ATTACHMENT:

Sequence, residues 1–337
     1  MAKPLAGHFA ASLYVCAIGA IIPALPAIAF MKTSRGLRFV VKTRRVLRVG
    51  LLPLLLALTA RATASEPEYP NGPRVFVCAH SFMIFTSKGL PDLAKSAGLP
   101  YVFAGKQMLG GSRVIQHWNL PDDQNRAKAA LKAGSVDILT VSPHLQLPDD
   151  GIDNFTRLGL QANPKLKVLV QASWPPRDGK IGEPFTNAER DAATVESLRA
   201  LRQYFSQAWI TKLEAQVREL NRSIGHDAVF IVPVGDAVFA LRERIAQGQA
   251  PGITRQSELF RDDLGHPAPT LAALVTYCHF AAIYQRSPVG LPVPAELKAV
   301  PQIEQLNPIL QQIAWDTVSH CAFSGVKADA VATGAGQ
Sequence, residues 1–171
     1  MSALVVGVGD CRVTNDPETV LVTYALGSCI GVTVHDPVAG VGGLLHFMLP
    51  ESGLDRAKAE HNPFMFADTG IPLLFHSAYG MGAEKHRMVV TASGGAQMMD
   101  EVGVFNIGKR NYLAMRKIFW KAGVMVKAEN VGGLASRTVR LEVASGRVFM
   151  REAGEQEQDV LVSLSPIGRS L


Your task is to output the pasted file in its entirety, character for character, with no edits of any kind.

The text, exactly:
Sequence, residues 1–337
     1  MAKPLAGHFA ASLYVCAIGA IIPALPAIAF MKTSRGLRFV VKTRRVLRVG
    51  LLPLLLALTA RATASEPEYP NGPRVFVCAH SFMIFTSKGL PDLAKSAGLP
   101  YVFAGKQMLG GSRVIQHWNL PDDQNRAKAA LKAGSVDILT VSPHLQLPDD
   151  GIDNFTRLGL QANPKLKVLV QASWPPRDGK IGEPFTNAER DAATVESLRA
   201  LRQYFSQAWI TKLEAQVREL NRSIGHDAVF IVPVGDAVFA LRERIAQGQA
   251  PGITRQSELF RDDLGHPAPT LAALVTYCHF AAIYQRSPVG LPVPAELKAV
   301  PQIEQLNPIL QQIAWDTVSH CAFSGVKADA VATGAGQ
Sequence, residues 1–171
     1  MSALVVGVGD CRVTNDPETV LVTYALGSCI GVTVHDPVAG VGGLLHFMLP
    51  ESGLDRAKAE HNPFMFADTG IPLLFHSAYG MGAEKHRMVV TASGGAQMMD
   101  EVGVFNIGKR NYLAMRKIFW KAGVMVKAEN VGGLASRTVR LEVASGRVFM
   151  REAGEQEQDV LVSLSPIGRS L